The smaller your world is, the easier it is to be the best at something. Nassim Taleb, in his book The Black Swan, illustrates this point very well. Taleb describes how in the 1800s, there were thousands of opera singers in Italy who performed for weddings and community celebrations. Each region or town had an opera singer who made a good living entertaining their own community and took pride in being the “best” in the land. Then the gramophone was invented. Suddenly, anyone anywhere could listen to the best opera singer in the world, not just their town. And they could listen whenever they wanted at very little expense. Within a few decades, thousands of local opera singers were put out of work.
This “winner takes all” phenomenon continues today. The internet and other forces of globalization are the powerful drivers behind it. Consumers query Google to quickly determine who is providing the best service or product at the lowest cost. Companies can search globally for the best candidates and interview them from halfway across the globe—and if they hire them, they can let them work remotely. Businesses and job seekers alike are increasingly less insulated from competition. The cream has always risen to the top, but now it is happening on a global scale and faster than ever before.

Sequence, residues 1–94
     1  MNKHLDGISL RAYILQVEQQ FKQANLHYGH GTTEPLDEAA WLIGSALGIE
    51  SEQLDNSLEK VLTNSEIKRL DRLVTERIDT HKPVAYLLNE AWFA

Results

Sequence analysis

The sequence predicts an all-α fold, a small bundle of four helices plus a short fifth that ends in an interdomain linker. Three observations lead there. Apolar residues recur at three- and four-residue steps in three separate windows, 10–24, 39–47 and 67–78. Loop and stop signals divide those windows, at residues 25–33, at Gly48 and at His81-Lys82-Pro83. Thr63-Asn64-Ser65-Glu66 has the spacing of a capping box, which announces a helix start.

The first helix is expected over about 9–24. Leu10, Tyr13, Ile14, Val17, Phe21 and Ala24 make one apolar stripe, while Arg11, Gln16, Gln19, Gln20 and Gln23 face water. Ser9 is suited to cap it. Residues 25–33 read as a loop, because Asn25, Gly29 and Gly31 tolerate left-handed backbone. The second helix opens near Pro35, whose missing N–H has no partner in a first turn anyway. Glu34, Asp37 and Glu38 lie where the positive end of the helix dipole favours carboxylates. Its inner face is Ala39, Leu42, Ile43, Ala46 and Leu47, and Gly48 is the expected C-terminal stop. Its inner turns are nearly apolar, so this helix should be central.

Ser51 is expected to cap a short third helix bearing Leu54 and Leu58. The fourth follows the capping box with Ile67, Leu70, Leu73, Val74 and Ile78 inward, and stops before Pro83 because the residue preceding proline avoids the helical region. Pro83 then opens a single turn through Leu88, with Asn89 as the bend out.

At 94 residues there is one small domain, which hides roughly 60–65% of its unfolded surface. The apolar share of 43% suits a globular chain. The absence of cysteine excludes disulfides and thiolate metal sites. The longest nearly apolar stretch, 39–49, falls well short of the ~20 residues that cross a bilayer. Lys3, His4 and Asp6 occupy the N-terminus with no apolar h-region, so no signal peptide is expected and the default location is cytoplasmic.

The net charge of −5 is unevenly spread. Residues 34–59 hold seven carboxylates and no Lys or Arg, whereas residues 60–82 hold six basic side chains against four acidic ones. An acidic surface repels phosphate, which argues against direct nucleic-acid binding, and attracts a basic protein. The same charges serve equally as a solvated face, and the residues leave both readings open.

How should individuals respond to this new reality?
Pursuing or holding a job you’re sort of well suited for and marginally passionate about has suddenly become very risky. With the way that the world is headed, it will become ever more important for each of us to find a niche in which we can outperform others. As a coach, I help my clients find their niche by uncovering where their passions and skills are in alignment. Then, together, we explore the opportunities that will best enable them to follow their passions and utilize their unique skills. When you’re plugged into the right role and organization, the competition—whether it is from the other side of the state or the world—begins to feel a lot less intimidating.
How should organizations respond to this new reality?
Unfortunately, the leadership teams of many small and medium-sized businesses have been slow to understand that the days of relying on a customer-base, simply because of proximity or length of relationship, are long gone. Small- and medium-sized businesses are no longer, metaphorically, cruising around on their own private lakes and rivers. Instead, they are on the high seas right along with huge multinational corporations. Setting the cruise control and taking a nap below deck is no longer a sustainable form of leadership. Just as individuals must figure out what they can do better than anyone else and make the necessary course corrections, so must organizations.
It has never been easier for customers and companies to find the best. This means that there is no second place. There are no silver and bronze medals. No consolation prizes. Yet, at the same time, the world has never been more complex, and this means that there are many, many new niches to fill. There is a place for you and your organization. It is simply a matter of finding out where that place is and identifying the skills and passions that will get you there.